5 Reasons Why Being Productive Makes You Tired (& How to Fix It!)
Do you find it difficult to concentrate and wonder why you are tired after a productive day at work? It could be intense emotions, multitasking, or interruptions and trying to refocus. Perhaps even poor task planning and prioritization or sleep deprivation.
Your body can get exhausted from thinking and working to the point that all you want to do when you get home is crawl into bed and rest.
This article details some reasons you often feel tired after a productive day. But we’ll also tell you how you can keep productivity at a high level without getting tired.
If you follow the steps below, your productivity could improve.
The practical tips include taking breaks, speed reading, and using the Pomodoro technique. We also advise that you work in time blocks, exhaust peak performance hours, and work on your memory.
Why do you feel exhausted when you have a productive day?
You feel exhausted after a long day of work because you engage your mind and body, working it up with strong emotions. If you multitask, tackle too many tasks, stretch your brain limits, and overwork, your body will feel like you were gardening all day.
1. High-Intensity Emotions
High-intensity emotions drain you mentally. It is psychological. You could be ecstatic or work up and explode with rage. Positive and negative emotions are either high intensity or quiet-low intensity.
It’s not hard to see how strong negative emotions might quickly overwhelm you. To some folks, rage and anguish are helpful when channeled towards the success of a specific goal.
On the other hand, when procrastinating a task until the last minute, the rush of adrenaline, “positive stress,” which pushes you to finish your task, uses high-intensity feelings to stress the body. The stress will exhaust you by the time you get to the last job.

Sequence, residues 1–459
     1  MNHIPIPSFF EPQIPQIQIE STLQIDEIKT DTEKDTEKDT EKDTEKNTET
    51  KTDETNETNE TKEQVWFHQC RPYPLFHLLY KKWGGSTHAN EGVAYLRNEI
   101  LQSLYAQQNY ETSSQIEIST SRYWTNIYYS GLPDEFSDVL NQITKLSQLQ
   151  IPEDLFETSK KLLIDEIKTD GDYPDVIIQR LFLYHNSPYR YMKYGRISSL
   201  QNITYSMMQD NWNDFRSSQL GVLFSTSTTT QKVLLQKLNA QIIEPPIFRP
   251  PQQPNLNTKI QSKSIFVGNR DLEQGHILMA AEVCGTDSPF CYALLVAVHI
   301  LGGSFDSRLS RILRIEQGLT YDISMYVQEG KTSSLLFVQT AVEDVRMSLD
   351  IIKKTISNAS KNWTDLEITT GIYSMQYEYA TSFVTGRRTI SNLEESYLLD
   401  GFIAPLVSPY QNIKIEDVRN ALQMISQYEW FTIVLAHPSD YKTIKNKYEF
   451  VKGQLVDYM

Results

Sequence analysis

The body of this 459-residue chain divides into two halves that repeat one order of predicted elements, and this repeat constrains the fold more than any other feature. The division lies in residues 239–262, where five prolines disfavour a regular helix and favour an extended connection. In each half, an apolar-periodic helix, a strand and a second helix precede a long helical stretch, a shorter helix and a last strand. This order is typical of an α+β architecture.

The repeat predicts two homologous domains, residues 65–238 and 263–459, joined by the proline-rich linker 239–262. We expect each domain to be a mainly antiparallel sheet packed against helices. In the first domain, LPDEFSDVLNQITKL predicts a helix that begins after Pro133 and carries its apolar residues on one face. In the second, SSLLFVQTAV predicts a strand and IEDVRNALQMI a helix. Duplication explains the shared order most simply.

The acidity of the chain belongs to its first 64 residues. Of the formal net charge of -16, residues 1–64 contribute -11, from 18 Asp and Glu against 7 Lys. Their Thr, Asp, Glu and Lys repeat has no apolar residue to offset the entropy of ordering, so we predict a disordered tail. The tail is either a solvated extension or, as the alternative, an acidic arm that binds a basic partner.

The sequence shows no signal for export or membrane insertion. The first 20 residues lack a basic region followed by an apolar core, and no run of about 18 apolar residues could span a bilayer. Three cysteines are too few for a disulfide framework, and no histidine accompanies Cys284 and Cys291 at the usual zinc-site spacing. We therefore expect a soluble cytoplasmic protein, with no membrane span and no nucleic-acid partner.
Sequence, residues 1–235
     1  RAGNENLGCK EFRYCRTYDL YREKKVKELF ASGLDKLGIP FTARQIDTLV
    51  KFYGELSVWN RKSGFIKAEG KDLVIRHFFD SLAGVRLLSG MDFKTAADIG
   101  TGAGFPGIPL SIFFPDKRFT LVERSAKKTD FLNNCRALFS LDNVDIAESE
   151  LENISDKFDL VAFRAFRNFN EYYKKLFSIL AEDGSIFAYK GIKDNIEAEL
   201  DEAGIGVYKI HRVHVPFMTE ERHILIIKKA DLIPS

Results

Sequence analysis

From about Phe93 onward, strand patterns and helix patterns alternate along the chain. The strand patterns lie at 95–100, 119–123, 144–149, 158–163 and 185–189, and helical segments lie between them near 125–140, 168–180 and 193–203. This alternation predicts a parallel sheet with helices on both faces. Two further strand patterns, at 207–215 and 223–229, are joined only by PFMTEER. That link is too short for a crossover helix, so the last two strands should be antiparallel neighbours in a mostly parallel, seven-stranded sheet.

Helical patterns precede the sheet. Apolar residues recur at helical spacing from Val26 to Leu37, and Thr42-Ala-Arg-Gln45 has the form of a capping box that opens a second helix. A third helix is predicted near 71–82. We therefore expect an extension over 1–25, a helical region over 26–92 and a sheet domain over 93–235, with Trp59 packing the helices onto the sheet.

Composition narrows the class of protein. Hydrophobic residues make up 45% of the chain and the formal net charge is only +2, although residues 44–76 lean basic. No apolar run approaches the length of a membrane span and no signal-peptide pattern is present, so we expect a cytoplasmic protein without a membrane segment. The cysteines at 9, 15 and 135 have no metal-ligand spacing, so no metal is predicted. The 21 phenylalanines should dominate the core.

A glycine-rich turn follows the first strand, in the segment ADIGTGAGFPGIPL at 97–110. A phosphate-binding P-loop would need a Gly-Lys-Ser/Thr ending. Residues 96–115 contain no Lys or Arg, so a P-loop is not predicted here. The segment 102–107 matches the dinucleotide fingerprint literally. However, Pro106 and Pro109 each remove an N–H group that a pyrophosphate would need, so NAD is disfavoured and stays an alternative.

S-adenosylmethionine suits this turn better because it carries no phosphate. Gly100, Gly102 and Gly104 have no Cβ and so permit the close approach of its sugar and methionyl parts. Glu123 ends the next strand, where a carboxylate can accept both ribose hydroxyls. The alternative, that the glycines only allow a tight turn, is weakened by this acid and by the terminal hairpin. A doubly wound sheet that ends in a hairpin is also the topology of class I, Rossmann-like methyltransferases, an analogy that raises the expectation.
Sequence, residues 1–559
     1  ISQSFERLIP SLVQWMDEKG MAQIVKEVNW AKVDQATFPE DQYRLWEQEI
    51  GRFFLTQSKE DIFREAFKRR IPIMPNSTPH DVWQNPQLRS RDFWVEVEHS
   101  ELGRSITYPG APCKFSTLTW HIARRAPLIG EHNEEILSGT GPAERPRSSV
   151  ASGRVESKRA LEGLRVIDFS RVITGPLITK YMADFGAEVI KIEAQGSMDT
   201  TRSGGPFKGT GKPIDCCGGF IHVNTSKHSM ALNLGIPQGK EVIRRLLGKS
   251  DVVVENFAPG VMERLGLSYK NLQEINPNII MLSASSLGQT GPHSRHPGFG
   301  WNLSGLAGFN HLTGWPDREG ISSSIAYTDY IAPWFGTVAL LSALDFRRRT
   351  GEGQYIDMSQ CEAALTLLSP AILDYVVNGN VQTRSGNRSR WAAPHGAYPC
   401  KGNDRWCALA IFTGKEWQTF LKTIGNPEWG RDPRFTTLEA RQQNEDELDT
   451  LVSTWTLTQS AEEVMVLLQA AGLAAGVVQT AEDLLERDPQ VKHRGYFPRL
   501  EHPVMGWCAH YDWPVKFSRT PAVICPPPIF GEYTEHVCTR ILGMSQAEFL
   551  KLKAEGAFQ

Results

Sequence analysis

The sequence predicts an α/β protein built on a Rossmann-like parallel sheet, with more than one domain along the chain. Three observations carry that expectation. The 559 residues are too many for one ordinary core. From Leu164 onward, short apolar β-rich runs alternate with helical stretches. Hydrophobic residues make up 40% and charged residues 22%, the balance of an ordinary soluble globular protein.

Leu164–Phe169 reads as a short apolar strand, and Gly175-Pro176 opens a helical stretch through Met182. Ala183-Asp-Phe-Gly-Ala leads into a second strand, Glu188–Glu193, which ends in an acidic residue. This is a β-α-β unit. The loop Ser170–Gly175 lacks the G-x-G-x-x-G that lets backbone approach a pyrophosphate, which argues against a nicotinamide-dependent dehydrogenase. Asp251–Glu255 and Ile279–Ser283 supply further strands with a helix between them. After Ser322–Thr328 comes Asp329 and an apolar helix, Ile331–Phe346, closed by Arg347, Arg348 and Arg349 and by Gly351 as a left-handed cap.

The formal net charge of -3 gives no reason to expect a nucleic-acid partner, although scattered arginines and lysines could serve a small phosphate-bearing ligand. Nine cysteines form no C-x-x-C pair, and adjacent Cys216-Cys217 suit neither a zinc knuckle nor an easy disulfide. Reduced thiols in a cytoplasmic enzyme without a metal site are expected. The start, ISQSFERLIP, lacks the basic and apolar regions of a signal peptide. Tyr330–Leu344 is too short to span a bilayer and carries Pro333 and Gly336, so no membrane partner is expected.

It could also be a joy. When you’re super excited, you activate the sympathetic nervous system. The brain works extra hard to produce more dopamine and serotonin hormones. Sometimes even endorphins. You sweat, and your heartbeat quickens as the heart pumps more blood. Your cheeks may flush, and you may feel a rush of adrenaline. In the end, your body works extra.
Positive and negative emotions elicit the same reaction. Your body gets exhausted. The science behind intense feelings is the arousal of the amygdala.
To calm yourself down sufficiently after amygdala activation, you need to deploy effort and emotion-regulation skills from a separate area of your brain, the prefrontal cortex. Trying to control these feelings takes extra work.
2. Sleep Deprivation
Your brain needs to rest to be productive the next day. A good night of sleep will increase productivity. Many of us are trying to do more at the expense of sleep. So we wake up tired, work tired, and get little sleep. That hampers concentration levels and affects performance.
A sleep regimen in sync with your circadian rhythm will help you work better.
Are you the type of person who reads emails while conversing with a client? It’s time you stopped. Multitasking derails your productivity and ability to complete a task accurately. The assignments take longer than they should, and stress increases when handling two jobs simultaneously.
The fact is, your brain cannot handle two tasks requiring concentration simultaneously. That’s a fact. You continuously switch from one to the other, and when you try to do both, you compromise on quality.
As research findings reveal, these switches can cost you up to 40% of your productive time, so you will be busy but get nothing done. You are also likely to suffer from burnout after trying to do a million things simultaneously.
What if I told you that the average American worker spends 2.1 hours a day on distractions? Also, it takes roughly 15 minutes or more to refocus.
Distractions cause you to lose track of thoughts. Those awesome ideas and insights get buried by an avalanche of messages that leave you overwhelmed and unproductive.
Interruptions today include pop-ups, email notifications, instant messaging, social media notifications, phone calls, and any other thing that takes your mind away from the job.
A study revealed that interruptions negatively impact the job when beginning a task or ending it.
5. Poor Task Planning and Task Prioritization
Ever tried to accomplish so much but ended up doing nothing? Failure to plan, schedule and pick the most urgent task results in low productivity.